Vegan Vibes: It’s Not A Competition

I went vegan in August of last year. I am the first to admit I have not been perfect and have made heaps of mistakes. However it has been the best lifestyle change I have ever made. I feel more justified in my love for animals. I feel healthier, happier, more in control of my nutrition and have more energy than ever.

Unfortunately, there seems to be an aspect of competitiveness in this lifestyle. People trying to outdo each other, constantly trying to go one step further than the last person, and then judging others for not being exactly the same as they are. Going so far to cut important people out of their lives because they aren’t vegan.

Another thing I’ve noticed from this lifestyle is that many vegans forget that people are more important than animals. Truly think about this before becoming angry or agitated. I’ve seen people judging starving families in poverty stricken African nations for eating meat. The ‘first world’ impression of veganism is not helped by acting like this. Compassion for people as well as animals ensures we are living the most ethical life we can live.

We can’t do everything. Anything we can do helps. Even if its as simple as having Meat Free Mondays – so many families have embraced this as a trend now, imagine how many animals its saved! Let’s celebrate each other and the great things we’re all doing to help animals AND people. I’ve created a little list here on things we should all focus on:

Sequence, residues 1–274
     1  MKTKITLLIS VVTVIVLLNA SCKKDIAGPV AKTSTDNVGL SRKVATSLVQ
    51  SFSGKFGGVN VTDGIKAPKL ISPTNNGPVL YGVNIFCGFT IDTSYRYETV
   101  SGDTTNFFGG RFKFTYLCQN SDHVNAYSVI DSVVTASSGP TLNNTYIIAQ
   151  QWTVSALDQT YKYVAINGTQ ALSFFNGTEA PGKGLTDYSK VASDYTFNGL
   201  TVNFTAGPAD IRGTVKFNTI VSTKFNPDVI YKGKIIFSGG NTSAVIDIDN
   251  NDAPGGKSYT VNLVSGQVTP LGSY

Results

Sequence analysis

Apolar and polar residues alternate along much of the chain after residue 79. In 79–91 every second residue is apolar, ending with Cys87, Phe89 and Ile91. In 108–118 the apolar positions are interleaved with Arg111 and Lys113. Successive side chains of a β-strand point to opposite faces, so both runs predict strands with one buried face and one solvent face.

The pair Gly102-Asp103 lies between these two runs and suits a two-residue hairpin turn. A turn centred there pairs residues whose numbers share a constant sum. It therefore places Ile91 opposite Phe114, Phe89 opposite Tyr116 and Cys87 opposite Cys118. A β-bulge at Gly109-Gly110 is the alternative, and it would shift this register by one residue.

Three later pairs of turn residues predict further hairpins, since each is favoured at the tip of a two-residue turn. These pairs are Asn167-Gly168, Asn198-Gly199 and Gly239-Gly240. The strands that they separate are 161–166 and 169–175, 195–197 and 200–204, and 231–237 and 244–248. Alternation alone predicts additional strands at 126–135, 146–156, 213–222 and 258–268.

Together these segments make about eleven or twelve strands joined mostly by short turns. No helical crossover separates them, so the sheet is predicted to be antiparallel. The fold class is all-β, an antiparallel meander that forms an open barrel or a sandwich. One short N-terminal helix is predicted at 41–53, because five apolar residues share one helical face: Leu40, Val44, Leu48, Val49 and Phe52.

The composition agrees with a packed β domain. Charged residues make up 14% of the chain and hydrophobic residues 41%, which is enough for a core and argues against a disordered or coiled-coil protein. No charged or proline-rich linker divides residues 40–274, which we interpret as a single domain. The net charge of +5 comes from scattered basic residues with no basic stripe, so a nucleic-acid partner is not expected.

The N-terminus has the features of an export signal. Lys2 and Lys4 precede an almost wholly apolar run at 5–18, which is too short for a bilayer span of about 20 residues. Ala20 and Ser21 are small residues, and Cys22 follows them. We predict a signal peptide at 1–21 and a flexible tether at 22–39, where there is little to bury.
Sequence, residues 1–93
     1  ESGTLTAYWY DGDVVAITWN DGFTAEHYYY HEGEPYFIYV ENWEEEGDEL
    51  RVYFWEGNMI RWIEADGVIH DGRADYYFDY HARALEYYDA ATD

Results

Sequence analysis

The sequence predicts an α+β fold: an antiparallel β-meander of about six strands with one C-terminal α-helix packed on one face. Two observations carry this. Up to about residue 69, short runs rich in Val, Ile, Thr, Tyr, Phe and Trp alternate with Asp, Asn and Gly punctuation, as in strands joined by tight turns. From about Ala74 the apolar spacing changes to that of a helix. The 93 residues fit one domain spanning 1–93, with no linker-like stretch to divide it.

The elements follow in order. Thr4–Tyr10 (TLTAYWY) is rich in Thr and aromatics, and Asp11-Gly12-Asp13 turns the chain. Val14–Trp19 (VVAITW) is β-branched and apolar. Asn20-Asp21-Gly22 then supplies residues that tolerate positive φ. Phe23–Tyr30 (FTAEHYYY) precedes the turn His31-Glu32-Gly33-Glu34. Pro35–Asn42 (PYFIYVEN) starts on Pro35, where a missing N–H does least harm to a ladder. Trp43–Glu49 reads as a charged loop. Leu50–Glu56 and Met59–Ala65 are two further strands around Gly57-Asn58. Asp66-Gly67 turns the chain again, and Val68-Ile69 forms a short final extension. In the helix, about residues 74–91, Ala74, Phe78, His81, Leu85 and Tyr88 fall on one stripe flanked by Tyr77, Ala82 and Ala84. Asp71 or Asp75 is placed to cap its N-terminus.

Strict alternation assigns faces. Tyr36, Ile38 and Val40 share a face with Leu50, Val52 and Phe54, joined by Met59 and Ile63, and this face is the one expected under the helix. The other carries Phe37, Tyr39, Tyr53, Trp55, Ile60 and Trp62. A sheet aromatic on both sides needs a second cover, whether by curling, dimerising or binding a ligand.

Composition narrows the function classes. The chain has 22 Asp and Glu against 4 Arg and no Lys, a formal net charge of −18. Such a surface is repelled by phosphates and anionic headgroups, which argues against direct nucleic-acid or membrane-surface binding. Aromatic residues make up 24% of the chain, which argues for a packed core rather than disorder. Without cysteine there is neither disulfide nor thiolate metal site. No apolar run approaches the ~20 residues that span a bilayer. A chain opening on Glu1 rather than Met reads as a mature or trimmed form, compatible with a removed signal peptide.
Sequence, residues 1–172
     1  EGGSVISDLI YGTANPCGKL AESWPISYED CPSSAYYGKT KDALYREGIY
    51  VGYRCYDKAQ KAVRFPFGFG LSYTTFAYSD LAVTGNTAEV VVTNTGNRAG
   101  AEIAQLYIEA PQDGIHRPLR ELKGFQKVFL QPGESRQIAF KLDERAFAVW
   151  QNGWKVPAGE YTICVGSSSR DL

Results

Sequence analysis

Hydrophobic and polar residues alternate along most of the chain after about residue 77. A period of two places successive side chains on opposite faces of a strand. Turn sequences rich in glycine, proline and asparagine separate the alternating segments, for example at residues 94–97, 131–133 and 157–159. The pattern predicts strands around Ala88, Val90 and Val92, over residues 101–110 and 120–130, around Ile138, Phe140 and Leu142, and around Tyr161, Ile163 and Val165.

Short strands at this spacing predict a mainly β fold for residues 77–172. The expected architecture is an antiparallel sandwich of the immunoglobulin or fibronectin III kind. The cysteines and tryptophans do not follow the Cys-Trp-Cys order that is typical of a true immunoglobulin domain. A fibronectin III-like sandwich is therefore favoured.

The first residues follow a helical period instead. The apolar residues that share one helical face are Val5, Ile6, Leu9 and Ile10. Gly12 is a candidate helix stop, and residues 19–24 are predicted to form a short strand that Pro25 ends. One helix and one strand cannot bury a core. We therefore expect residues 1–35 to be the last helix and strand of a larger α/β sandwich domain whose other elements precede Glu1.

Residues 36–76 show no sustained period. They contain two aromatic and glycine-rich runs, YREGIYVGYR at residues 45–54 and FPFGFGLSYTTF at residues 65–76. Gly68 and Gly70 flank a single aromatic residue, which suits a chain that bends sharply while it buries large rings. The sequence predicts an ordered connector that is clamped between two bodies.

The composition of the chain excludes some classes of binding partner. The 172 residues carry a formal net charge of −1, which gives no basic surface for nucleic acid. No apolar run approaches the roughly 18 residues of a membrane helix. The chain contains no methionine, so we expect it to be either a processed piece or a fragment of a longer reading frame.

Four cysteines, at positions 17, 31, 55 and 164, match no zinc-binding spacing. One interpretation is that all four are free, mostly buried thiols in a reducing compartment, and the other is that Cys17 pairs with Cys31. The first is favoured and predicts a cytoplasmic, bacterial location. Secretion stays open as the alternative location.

• Stop thinking you’re better than other vegans or vegetarians, or even meat eaters, you’re not. If you find yourself getting a big head, remember how privileged we are to be able to make these decisions for ourselves. Strip back to basics, we have a roof over our head, people who love us, food in our bellies. Life is good.


  • Every little bit helps, even non-vegos who are lowering their meat intake are doing well. Gentle encouragement, education and acting positive about this lifestyle will give others a good image in their minds to refer back to.


  • People who haven’t even gone vegan or vegetarian yet but want to, are still doing good. Young people, people who are sick or can’t make decisions for themselves, you’re all doing wonderfully and I praise all of you.


  • Do not sit there in your child-made sweatshop Nikes and tell other people they aren’t as good a vegan as you. You have actively contributed to child labour, and honestly, we probably all have. So unless we all make a conscious effort to not only shop and buy cruelty free for animals, but also cruelty-free for humans, none of us can really pass judgement.